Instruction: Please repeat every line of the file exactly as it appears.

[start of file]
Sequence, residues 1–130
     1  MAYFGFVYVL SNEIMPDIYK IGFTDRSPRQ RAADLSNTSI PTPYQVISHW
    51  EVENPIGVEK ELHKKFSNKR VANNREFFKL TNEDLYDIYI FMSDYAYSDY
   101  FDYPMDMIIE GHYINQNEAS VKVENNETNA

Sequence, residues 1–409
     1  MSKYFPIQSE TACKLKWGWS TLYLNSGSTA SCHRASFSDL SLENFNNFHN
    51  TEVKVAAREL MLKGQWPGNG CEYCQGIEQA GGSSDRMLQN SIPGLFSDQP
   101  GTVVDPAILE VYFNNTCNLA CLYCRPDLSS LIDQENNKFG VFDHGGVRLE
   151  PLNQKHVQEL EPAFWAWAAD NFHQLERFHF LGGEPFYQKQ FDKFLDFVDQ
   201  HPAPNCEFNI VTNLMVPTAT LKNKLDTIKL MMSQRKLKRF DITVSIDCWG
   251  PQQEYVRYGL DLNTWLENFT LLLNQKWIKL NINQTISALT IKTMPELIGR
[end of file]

Sequence, residues 1–130
     1  MAYFGFVYVL SNEIMPDIYK IGFTDRSPRQ RAADLSNTSI PTPYQVISHW
    51  EVENPIGVEK ELHKKFSNKR VANNREFFKL TNEDLYDIYI FMSDYAYSDY
   101  FDYPMDMIIE GHYINQNEAS VKVENNETNA

Sequence, residues 1–409
     1  MSKYFPIQSE TACKLKWGWS TLYLNSGSTA SCHRASFSDL SLENFNNFHN
    51  TEVKVAAREL MLKGQWPGNG CEYCQGIEQA GGSSDRMLQN SIPGLFSDQP
   101  GTVVDPAILE VYFNNTCNLA CLYCRPDLSS LIDQENNKFG VFDHGGVRLE
   151  PLNQKHVQEL EPAFWAWAAD NFHQLERFHF LGGEPFYQKQ FDKFLDFVDQ
   201  HPAPNCEFNI VTNLMVPTAT LKNKLDTIKL MMSQRKLKRF DITVSIDCWG
   251  PQQEYVRYGL DLNTWLENFT LLLNQKWIKL NINQTISALT IKTMPELIGR